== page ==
Teenagers are inundated with temptation to try adult behaviors, while they are attempted to maneuver through high expectations placed on them to compete academically and in extracurricular activities. The pressure to experiment with sex, drugs and alcohol may be disguised as normal teenage behaviors in their social circles, but they may be developing a dangerous habit.
Smoking is a habit that is often begun in the teen years by caving to peer pressure or because it is the accepted protocol in a social network. Often, however, as smoking becomes an established addiction and the individual moves into adulthood, the reasons for smoking can be rooted in factors that affect mental health.
Recent research shows that gambling is becoming a college pastime for young men—a trend fueled by high-stakes televised poker matches, more casinos nationwide, and wagering opportunities on the Internet.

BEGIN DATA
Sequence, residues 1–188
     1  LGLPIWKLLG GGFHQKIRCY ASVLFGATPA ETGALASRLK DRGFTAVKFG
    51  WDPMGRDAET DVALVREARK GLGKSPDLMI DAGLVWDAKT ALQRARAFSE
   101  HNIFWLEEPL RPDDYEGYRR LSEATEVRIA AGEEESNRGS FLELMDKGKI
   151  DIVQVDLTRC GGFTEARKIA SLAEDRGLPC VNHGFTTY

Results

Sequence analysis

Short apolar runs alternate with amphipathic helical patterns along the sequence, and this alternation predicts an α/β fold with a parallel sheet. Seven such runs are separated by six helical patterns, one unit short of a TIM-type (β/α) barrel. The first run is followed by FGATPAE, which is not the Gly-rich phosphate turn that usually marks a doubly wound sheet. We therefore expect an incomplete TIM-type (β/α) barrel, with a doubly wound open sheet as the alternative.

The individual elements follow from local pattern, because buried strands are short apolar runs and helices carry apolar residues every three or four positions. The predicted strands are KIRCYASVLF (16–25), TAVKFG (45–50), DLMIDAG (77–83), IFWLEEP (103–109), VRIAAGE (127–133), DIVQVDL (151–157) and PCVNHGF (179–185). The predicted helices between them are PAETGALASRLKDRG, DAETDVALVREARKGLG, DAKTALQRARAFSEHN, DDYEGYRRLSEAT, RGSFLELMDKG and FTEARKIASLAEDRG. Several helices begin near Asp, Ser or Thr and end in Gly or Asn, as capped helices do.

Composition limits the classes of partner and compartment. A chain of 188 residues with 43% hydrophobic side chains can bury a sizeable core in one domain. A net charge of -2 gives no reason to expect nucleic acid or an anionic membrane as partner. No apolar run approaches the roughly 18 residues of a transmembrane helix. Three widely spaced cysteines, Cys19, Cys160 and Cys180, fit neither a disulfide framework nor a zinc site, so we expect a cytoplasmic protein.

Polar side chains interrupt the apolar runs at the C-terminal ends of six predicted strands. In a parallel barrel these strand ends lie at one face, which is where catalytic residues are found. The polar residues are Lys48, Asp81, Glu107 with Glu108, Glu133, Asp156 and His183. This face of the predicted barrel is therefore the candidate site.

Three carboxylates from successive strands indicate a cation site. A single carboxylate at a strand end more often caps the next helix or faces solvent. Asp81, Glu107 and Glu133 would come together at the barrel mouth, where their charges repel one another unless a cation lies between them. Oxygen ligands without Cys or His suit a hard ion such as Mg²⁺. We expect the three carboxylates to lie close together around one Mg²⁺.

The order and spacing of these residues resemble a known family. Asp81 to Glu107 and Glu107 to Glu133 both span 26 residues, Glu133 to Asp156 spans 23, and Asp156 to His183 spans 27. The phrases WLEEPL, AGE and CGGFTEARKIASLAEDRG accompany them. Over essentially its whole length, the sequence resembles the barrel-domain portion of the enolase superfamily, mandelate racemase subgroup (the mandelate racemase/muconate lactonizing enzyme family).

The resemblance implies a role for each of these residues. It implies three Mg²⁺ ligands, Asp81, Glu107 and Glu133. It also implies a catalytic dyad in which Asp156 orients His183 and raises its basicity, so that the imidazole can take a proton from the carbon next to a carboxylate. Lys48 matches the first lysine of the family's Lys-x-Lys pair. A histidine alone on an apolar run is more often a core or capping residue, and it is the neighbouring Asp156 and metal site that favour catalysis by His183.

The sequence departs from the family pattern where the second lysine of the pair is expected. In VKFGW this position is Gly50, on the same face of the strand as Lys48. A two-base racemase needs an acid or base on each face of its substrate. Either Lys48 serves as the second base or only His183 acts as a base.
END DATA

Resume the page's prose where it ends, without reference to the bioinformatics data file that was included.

Ritalin, a methylphenidate, has been safely prescribed for children suffering from attention-deficit disorder (ADD) and attention-deficit hyperactivity disorder (ADHD) for the past 70 years. It is manufactured by Novartis Pharmaceuticals, East Hanover, New Jersey. New research released in early 2009 and funded by the U.S. National Institute on Drug Abuse (NIDA), however, shows that, in mice, Ritalin causes brain changes similar to that of cocaine. Both methylphenidate and cocaine are in the drug class known as psychostimulants. They are Schedule II drugs under the Controlled Substances Act – approved for medical use but also with the highest potential for abuse.